## Leetcode Problem Statement#

### Description#

Implement a first in first out (FIFO) queue using only two stacks. The implemented queue should support all the functions of a normal queue (`push`, `peek`, `pop`, and `empty`).

Implement the `MyQueue` class:

• `void push(int x)` Pushes element `x` to the back of the queue.
• `int pop()` Removes the element from the front of the queue and returns it.
• `int peek()` Returns the element at the front of the queue.
• `boolean empty()` Returns true if the queue is empty, false otherwise.

Notes:

• You must use only standard operations of a stack, which means only `push to top`, `peek/pop from top`, `size`, and `is empty` operations are valid.
• Depending on your language, the stack may not be supported natively. You may simulate a stack using a list or deque (double-ended queue) as long as you use only a stack’s standard operations.

### Examples#

#### Example 1:#

``````Input
["MyQueue", "push", "push", "peek", "pop", "empty"]
[[], , , [], [], []]
Output
[null, null, null, 1, 1, false]

Explanation
MyQueue myQueue = new MyQueue();
myQueue.push(1); // queue is: 
myQueue.push(2); // queue is: [1, 2] (leftmost is front of the queue)
myQueue.peek(); // return 1
myQueue.pop(); // return 1, queue is 
myQueue.empty(); // return false
``````

### Constraints#

• `1 <= x <= 9`
• At most 100 calls will be made to `push`, `pop`, `peek`, and `empty`.
• All the calls to `pop` and `peek` are valid.

Follow-up: Can you implement the queue such that each operation is amortized `O(1)` time complexity? In other words, performing `n` operations will take overall `O(n)` time even if one of those operations may take longer.

## Key Insights#

A `queue` is a (FIFO) first in first out data structure that can be visualized as a cashier lineup at a supermarket where customers are processed in the order they arrived. `Queues` are very useful in iterative graph traversal implementations.

A `stack` is a (LIFO) last in first out data structure that can be visualized as a stack of plates at a buffet. In Python, a `list` is an `array` of pointers stored as a contiguous memory block, which means that elements can be accessed and popped from the end in `O(1)` time. Elements can be appended to the end as long as the index has not reached the end of the allocated block of memory. If an element is appended to a `list` that has run out of space, an automatic operation allocates a new block of memory that is twice as long as the existing list and copies the values into the new `list` in `O(N)` time. Since this operation doesn’t happen all of the time, the amortized time complexity is actually `O(1)`. Given this property, we can say that time complexity of an append operation is practically `O(1)`.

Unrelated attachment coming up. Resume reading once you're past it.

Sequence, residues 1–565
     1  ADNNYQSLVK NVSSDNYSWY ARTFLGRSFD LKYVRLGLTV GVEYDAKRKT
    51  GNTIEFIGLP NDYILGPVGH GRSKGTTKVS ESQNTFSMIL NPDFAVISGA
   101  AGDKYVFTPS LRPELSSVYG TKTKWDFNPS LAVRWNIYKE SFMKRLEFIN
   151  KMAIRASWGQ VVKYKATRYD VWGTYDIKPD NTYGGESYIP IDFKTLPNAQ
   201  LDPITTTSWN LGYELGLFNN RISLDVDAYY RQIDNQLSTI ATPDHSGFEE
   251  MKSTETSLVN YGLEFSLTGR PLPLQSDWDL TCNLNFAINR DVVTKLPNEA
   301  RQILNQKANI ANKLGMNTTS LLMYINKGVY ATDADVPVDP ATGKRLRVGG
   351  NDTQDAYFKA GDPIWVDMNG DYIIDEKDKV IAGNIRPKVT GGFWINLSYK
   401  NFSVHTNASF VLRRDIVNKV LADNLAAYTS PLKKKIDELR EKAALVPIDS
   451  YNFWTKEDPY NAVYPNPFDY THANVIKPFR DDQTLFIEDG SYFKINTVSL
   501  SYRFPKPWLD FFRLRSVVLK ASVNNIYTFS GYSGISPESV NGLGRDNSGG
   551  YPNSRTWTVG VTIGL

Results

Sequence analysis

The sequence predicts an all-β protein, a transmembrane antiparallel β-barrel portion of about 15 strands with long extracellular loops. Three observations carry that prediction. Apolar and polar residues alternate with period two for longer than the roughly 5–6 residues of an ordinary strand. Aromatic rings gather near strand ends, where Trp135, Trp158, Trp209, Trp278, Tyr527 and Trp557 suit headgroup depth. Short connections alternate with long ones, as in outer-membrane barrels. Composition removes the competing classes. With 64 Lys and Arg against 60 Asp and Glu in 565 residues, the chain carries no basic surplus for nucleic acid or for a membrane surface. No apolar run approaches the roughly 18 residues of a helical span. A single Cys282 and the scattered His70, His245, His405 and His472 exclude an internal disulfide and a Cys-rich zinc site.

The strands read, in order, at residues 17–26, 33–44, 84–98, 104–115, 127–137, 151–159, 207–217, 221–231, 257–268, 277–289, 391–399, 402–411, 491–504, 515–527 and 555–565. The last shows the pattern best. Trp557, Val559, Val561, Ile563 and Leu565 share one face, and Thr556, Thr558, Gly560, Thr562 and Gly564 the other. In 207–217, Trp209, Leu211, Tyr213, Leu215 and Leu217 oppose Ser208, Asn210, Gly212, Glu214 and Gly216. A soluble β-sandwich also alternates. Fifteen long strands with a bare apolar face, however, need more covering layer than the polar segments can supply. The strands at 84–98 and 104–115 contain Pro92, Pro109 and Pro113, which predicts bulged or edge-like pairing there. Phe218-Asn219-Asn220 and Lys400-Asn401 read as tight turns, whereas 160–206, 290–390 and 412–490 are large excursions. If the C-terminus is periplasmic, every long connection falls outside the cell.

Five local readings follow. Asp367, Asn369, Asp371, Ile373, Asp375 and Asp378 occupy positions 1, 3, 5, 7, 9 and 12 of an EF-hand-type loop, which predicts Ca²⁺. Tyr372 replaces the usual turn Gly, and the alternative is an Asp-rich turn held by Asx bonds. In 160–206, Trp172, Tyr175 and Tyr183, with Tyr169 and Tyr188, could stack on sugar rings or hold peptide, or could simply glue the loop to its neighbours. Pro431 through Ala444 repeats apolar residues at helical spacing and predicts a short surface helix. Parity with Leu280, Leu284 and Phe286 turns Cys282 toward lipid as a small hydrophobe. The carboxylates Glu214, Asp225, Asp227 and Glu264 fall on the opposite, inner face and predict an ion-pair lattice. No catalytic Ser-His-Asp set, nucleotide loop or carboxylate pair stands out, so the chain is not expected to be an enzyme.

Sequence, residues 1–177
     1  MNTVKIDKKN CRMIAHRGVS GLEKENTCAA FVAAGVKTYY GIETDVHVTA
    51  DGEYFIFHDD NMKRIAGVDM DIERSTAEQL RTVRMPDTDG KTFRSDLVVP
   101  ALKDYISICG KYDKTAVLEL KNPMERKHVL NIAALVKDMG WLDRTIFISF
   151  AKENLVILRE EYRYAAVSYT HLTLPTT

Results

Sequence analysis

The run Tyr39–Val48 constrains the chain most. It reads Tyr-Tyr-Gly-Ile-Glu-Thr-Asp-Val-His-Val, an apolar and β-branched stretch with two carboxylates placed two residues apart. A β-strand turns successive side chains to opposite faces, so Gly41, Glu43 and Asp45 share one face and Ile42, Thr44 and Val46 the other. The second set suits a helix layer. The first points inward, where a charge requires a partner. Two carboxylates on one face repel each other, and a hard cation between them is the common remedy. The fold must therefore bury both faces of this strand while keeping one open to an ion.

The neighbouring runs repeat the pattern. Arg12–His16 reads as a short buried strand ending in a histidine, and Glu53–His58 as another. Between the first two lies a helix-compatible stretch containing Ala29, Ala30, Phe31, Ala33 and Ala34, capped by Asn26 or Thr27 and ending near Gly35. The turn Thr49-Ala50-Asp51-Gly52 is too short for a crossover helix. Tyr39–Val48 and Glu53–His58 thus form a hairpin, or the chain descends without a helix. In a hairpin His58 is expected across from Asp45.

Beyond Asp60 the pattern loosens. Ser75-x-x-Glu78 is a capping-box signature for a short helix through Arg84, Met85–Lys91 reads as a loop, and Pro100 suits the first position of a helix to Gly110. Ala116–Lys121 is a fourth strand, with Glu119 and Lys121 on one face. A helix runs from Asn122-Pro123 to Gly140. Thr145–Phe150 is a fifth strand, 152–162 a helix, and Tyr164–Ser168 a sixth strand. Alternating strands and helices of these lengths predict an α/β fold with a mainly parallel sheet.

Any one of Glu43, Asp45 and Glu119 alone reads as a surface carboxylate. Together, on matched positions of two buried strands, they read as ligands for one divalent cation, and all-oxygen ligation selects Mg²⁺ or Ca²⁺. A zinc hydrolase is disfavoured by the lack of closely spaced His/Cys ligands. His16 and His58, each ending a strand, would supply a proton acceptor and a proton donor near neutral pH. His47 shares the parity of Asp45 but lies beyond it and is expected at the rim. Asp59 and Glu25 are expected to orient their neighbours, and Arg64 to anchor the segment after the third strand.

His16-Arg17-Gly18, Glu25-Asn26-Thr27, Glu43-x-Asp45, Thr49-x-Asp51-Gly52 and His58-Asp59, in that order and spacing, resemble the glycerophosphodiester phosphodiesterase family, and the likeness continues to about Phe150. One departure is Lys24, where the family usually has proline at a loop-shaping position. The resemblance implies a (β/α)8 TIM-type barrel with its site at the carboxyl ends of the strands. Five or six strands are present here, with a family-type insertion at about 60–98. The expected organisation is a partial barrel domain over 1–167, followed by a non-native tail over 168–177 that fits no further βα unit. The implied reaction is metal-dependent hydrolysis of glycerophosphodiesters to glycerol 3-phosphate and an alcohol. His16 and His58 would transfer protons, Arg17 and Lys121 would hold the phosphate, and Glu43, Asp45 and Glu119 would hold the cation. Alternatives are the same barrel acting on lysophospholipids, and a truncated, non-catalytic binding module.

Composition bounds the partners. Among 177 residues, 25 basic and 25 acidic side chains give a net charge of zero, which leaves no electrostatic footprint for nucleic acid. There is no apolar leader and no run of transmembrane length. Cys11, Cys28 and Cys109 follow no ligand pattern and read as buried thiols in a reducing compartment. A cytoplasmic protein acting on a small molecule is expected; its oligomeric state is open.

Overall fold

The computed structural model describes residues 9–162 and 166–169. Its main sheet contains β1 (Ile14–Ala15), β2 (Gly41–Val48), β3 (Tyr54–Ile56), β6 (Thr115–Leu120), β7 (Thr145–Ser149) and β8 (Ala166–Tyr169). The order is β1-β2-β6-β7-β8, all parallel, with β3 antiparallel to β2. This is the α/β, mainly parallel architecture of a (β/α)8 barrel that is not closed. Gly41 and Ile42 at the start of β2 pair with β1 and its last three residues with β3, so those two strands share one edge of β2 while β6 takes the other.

Now that we have a solid grasp of `queues` and `stacks`, we need to figure out the little trick that will allow us to implement a `queue` with two `stacks` in `O(1)` amortized time. Let’s define two stacks: `stack_1` and `stack_2`. We will always append `push()` new values to `stack_1`. If `stack_2` is empty, we will take `stack_1` and save it for the time being. Then we will loop over `stack_2`, `pop()` elements `n-1` to `1` from `stack_1` and `append()` them to `stack_2`. We will clear `stack_1` and returned the `stack_1` value we save earlier. By implementing this little trick, we will be able to achieve `O(1)` amortized time complexity.

## Python Solution#

``````class MyQueue:

def __init__(self):
self.stack_1 = []
self.stack_2 = []

def push(self, x: int) -> None:
self.stack_1.append(x)

def pop(self) -> int:
# If stack_2 has values, pop() from the end.
# If stack_2 is empty, save the first value in
# stack_1 and then populate stack_2 by popping
# values n to 1 from the end of stack_1. Set
# stack_1 = [] and return the "top of the stack"
if self.stack_2:
return self.stack_2.pop()
else:
res = self.stack_1
# Note: The "[::-1]" syntax reverses a list
self.stack_2 = self.stack_1[1:][::-1]
self.stack_1 = []
return res

def peek(self) -> int:
# If stack_2 has values, return it's tail value.
# If stack_2 is empty, return the head of stack_1.
if self.stack_2:
return self.stack_2[-1]
else:
return self.stack_1

def empty(self) -> bool:
# If stack_1 or stack_2 have values, we need
# to return False, otherwise True
return not (self.stack_1 or self.stack_2)

# Your MyQueue object will be instantiated and called as such:
# obj = MyQueue()
# obj.push(x)
# param_2 = obj.pop()
# param_3 = obj.peek()
# param_4 = obj.empty()
``````